This is Kyle and when he pulled up in this vintage 'stang which turns out, this was his very first car. We begged for a picture and he obliged.


Thanks Kyle.

The Weekly Six

Posted on: Monday, October 24, 2011

1. A beautiful writing desk with a cream patina, paired with a stunning french louis chair.

How about a hand written letter instead of an email?


2. Our sacred space.


3. Parisian style iron chairs in a perfect faded shade of turquoise

--a setting that awaits a warm latte on a fall day.




4. It's a season for layers. Elegant little dresses with chunky cable knit sweaters.

5. A pair of tufted celedon velvet side chairs. With these lovelies, you could be queen everyday!


6. Love these for a DIY project or simply for their archetectual beauty.



Guest Post by Stacy

Confession time. My name is Stacy and I am the daughter of junkers. Every weekend we were on the road to a flea market, swap meet, antique car show, or some other event where junking was also possible.

My Mom collected California Indian baskets, Navajo rugs and blankets, and pueblo pottery. My Dad collected everything else. Seriously everything. Peddle cars, Buddy L trucks, Ford trucks and cars, slot machines, gas pump heads, enamel advertising signs, black powder rifles, pocket watches with steam trains on the back, and on and on.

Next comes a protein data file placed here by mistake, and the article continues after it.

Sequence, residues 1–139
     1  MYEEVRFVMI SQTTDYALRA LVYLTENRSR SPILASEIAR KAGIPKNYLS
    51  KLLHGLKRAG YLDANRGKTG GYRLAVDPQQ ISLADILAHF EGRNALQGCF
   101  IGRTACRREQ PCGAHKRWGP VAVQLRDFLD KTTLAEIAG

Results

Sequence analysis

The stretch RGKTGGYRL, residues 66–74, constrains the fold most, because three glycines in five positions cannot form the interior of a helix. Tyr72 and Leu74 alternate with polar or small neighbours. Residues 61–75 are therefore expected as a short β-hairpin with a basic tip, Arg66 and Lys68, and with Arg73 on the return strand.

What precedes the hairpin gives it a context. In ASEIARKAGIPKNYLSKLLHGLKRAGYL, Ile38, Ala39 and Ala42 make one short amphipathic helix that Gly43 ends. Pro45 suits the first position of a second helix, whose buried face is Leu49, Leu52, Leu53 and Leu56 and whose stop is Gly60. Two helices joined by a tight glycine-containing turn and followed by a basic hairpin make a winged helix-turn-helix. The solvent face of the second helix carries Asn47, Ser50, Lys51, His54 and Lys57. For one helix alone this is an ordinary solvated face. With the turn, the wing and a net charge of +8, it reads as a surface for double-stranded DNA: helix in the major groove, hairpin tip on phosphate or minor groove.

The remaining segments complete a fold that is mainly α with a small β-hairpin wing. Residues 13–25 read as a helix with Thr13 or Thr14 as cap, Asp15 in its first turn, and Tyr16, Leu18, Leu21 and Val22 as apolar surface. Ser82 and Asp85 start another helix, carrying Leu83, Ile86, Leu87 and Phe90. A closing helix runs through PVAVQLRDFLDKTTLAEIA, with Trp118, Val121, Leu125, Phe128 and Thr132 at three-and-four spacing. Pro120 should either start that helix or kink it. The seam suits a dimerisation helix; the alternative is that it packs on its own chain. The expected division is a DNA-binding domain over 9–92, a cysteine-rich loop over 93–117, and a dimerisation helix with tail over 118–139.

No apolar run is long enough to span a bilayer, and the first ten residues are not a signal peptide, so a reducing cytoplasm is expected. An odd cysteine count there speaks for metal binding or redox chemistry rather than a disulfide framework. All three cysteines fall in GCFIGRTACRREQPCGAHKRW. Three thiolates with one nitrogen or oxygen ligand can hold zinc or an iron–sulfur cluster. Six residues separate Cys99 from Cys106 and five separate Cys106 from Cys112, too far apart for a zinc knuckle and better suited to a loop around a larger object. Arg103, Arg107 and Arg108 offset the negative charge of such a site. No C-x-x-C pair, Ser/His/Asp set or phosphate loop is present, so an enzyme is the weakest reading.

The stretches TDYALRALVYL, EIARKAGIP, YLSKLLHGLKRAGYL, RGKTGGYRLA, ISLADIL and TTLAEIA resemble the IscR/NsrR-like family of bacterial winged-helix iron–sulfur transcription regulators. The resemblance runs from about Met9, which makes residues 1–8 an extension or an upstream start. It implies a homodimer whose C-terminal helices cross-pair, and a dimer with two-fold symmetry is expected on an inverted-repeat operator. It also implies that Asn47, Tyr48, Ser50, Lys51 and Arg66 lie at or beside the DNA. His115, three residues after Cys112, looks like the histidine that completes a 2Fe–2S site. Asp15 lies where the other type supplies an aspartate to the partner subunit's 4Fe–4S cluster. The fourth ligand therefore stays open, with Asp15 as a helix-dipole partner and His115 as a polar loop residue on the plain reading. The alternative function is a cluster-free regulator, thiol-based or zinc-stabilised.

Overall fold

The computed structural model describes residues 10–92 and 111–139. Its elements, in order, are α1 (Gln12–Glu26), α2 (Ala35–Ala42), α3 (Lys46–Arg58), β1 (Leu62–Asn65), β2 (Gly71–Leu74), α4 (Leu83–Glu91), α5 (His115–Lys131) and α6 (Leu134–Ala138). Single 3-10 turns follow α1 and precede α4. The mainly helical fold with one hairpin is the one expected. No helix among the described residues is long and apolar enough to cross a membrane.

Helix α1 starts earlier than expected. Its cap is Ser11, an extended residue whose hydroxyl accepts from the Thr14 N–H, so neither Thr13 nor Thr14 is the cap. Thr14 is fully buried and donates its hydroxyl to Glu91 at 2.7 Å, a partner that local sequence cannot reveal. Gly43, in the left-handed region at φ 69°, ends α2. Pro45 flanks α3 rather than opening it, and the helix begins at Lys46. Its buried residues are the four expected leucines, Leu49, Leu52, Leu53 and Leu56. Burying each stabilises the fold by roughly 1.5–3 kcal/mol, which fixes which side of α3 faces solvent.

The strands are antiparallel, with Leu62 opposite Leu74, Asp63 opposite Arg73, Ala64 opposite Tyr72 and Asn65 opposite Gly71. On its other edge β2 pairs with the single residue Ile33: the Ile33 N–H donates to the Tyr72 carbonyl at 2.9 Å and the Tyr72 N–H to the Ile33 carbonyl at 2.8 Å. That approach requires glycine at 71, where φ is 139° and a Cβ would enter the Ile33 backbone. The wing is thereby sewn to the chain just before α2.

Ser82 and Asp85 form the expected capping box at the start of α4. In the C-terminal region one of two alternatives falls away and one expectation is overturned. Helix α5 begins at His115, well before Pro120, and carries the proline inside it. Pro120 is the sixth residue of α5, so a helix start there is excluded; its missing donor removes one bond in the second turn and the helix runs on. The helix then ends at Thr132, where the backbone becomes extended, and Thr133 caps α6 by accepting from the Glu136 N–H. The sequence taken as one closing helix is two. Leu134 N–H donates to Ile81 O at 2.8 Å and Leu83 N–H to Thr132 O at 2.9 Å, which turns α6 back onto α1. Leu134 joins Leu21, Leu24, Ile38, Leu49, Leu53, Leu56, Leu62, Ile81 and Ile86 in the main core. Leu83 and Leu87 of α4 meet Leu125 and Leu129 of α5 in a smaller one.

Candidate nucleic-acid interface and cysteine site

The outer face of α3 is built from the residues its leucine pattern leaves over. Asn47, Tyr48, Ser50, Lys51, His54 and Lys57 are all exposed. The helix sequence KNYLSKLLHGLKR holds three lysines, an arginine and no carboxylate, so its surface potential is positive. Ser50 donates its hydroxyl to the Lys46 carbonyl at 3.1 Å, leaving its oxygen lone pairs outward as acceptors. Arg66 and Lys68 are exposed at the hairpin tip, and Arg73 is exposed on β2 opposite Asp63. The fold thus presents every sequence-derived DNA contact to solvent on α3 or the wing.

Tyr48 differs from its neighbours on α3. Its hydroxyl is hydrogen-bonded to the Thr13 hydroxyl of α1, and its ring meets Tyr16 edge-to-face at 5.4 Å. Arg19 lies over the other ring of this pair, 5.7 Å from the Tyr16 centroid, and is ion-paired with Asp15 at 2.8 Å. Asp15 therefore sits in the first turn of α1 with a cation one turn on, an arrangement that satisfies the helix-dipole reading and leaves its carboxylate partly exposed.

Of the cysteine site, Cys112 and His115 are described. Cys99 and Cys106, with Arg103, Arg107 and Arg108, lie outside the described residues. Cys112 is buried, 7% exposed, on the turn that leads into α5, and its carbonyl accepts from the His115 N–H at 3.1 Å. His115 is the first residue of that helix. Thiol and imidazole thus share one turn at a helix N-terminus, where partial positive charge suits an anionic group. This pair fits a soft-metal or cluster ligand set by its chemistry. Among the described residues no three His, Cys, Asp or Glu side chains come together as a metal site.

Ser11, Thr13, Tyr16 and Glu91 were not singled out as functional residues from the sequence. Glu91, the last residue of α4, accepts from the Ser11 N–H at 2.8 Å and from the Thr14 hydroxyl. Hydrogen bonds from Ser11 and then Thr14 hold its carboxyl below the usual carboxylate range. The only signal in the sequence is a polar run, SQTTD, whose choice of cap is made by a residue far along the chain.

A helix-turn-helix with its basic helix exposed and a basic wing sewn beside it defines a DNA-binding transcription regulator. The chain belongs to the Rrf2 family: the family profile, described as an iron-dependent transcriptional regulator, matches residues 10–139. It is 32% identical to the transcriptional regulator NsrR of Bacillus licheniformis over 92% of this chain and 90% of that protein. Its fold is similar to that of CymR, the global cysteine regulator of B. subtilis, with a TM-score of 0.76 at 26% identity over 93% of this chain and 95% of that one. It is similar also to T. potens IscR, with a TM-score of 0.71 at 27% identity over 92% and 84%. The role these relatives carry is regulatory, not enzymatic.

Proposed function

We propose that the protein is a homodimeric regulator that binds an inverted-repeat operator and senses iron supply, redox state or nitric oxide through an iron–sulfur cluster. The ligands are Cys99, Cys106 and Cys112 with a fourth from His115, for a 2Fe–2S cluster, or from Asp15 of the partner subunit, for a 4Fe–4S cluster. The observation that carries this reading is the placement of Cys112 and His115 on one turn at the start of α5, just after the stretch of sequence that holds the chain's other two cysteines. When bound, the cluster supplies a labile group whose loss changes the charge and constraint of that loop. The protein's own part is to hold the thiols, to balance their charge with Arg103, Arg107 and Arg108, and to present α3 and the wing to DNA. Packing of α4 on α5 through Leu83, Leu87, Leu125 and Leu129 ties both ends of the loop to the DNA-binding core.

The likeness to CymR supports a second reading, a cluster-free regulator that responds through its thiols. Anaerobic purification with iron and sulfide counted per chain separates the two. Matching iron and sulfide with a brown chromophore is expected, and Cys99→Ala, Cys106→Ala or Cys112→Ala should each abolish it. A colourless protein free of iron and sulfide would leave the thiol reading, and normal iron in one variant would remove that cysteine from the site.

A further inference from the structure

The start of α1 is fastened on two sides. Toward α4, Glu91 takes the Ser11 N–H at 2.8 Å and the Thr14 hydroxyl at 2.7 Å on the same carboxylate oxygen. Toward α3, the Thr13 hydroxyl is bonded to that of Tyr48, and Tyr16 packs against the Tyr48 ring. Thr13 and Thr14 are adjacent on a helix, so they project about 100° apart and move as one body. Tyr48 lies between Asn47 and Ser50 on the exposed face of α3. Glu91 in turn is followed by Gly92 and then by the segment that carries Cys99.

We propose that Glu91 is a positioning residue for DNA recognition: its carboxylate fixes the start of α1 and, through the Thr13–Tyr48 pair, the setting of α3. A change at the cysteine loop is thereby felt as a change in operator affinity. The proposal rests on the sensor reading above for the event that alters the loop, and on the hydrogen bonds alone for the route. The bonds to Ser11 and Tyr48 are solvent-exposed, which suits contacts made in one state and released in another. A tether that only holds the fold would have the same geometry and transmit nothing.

When I moved away to college I didn’t take the junking bug with me, or maybe it was just dormant. I collected floaty pens and books from the art museums that I visited, but not much else. I didn’t really decorate with antiques until I started receiving things from my great grandmother and my grandparents. But still much of that went in to boxes in the garage.

I hung my grandmother’s turkey platter, The Barnyard King. And I love having my great grandmother’s autograph book. The family treasures made me start to appreciate the trips we took, the people we met and the esoteric knowledge that was still lodged in my brain.

barnyard king

My French-made Turkish-style rug was nice but did not compliment my 1930’s Jo Mora Cowboys and Indians prints (from my grandparents garage). I was visiting Mom and asked if she still had the Navajo rugs rolled up in the basement and if she didn’t mind I’d like one for my floor. She had started collecting in the late 1950s and by the early ’90s she was ready to move on. She said I couldn’t have just one, I had to take all that were left. Several trips up and down the basement stairs and the backseat of by vintage Prius was filled with rugs wrapped in brown paper.